Lawmakers Again Try Diverting Money From Substance Abuse Treatment to Policing Illegal Cannabis Grows—and Again Reconsider

In 2020, voters overwhelmingly approved using cannabis taxes to fund treatment, in which Oregon ranks last in the nation.

The Senate Committee on Judiciary and Ballot Measure 110 Implementation last week voted to approve a bill that would divert at least $26 million over the next two years from substance abuse treatment, but now a Senate spokesman says lawmakers have changed their minds.

At issue is Senate Bill 1587, on which the committee held a Feb. 14 work session.

In that session, members heard from legislative staff that the effect of an amendment would be to send $50 million in general fund money to cities and counties battling illegal marijuana grows. Staff also told the committee that the amendment would divert $26 million in marijuana tax money to the Oregon Criminal Justice Commission, which would distribute that cash to law enforcement and to nonprofits trying to help people who work at the illegal grows.

Measure 110, which voters passed by a 17-point margin in 2020, decriminalizes many hard drugs for personal consumption. It also earmarks all cannabis tax revenue the state collects above $45 million annually for referral and treatment to substance use disorder services.

Tera Hurst, executive director of the Oregon Health Justice Recovery Alliance, says the amendment lawmakers adopted last week violates voters’ wishes and would strip money away from much-needed treatment.

During the pandemic, deaths from drug overdoses have soared.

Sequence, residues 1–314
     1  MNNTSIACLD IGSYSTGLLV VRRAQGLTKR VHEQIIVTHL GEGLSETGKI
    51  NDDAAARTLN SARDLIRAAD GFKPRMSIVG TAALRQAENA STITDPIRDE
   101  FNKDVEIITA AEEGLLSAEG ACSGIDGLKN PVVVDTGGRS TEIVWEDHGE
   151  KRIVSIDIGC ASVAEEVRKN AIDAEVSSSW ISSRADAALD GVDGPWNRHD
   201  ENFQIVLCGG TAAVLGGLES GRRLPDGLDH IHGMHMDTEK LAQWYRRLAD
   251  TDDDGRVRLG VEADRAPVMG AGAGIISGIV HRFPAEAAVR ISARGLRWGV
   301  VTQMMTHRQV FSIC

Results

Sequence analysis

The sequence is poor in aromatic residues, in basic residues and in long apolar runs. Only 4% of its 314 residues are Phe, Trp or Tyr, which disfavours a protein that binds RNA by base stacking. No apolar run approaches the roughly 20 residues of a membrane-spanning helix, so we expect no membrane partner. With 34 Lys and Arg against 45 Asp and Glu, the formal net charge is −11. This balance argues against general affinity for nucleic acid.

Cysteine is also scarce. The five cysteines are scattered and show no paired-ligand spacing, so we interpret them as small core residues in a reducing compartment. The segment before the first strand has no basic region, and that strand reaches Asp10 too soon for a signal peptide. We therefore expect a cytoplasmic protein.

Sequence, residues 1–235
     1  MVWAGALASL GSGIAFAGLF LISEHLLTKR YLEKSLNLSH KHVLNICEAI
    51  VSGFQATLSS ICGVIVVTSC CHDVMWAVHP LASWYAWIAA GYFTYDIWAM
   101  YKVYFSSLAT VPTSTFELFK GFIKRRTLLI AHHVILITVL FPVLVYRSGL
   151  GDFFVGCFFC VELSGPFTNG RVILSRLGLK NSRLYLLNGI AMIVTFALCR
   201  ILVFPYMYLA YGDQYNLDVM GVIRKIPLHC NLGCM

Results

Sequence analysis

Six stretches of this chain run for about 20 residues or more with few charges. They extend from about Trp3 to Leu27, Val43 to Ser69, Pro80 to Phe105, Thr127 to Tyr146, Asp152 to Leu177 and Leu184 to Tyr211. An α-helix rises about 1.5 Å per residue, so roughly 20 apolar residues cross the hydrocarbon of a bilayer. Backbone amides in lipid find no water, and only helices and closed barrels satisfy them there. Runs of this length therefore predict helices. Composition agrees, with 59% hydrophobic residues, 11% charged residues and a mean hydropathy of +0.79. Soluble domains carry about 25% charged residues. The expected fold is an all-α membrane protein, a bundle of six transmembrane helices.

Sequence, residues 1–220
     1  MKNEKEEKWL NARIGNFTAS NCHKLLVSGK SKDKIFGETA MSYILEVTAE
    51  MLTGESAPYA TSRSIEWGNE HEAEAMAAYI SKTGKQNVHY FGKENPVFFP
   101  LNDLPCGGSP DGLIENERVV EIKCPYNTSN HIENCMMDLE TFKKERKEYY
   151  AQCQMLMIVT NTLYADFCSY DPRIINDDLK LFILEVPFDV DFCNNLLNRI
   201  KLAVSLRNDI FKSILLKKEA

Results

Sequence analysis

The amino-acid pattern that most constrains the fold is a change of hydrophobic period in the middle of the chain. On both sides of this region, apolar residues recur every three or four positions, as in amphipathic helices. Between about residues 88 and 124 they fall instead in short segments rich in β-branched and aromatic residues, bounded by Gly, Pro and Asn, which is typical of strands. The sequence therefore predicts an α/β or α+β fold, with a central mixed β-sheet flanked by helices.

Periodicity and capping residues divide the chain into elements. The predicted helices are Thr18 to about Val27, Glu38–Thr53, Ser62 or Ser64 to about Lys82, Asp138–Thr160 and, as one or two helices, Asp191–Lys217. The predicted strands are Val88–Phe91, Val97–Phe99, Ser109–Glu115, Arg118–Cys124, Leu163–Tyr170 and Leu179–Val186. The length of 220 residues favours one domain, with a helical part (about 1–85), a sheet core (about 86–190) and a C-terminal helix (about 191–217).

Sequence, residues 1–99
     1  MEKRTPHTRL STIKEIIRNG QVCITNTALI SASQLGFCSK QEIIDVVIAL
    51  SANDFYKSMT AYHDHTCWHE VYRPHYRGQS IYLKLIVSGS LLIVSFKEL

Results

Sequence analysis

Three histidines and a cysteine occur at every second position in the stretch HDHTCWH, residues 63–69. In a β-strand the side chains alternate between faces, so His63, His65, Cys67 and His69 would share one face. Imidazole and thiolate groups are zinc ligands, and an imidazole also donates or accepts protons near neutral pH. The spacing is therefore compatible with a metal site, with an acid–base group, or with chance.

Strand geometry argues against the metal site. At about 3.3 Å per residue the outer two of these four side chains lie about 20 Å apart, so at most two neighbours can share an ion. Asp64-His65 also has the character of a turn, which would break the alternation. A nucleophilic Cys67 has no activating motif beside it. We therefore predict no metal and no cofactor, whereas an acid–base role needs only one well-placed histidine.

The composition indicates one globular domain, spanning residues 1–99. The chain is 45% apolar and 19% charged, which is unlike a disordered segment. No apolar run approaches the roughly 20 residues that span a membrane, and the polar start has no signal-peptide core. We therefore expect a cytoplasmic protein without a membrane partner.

Related: As Meth and Fentanyl Tighten Their Grips on Oregon, the State Scrambles to Implement Treatment Services

“Oregon is 50th in the nation in access to services and has the second-highest addiction rates in the country,” Hurst says. “The idea that cutting any funding would be an appropriate response right now is out of touch with the realities we are facing on the ground.”

Hurst adds that the amended bill was the third time during the current legislative session that lawmakers have tried to move Measure 110 money to law enforcement.

“Our coalition was given firm assurances that there would be no cuts to Measure 110 funding this session,” Hurst tells WW. “We are deeply disturbed by this breach of trust.”

Related: Legislators Look to Mine Drug Treatment Money for Law Enforcement

After Hurst and other advocates raised a ruckus, state Sen. Michael Dembrow (D-Portland) walked back his vote in a Feb. 18 tweet.

“My vote was based on misinformation and I regret it. I and several of my colleagues thought the funding in the amendment was coming from the general fund, not from dollars needed for M110 programs,” Dembrow wrote. “I promise that this problem will be fixed.”

On Monday, Senate Democrats’ spokesman Stephen Watson reiterated that the need for more funding Oregon to fight illegal grows in Southern Oregon is pressing.

“State police have identified at least three international cartels that have moved into Southern Oregon in 2021 to conduct illegal grow operations,” Watson says. “That has resulted in people being killed, serious inhumane conditions, and outright slavery of workers and theft of water from legal water rights holders.”

But he also tells WW the committee didn’t mean to take money away from treatment.

“Our understanding is that the diversion of Measure 110 funds was an unintended impact of the adopted amendment,” Watson says.

He adds that lawmakers will fix the bill in the Joint Ways and Means Committee, where it was referred after passing out of the Judiciary and Measure 110 Committee.

“I have been assured that the Joint Committee on Ways and Means will focus on holding Measure 110 intact,” Watson says.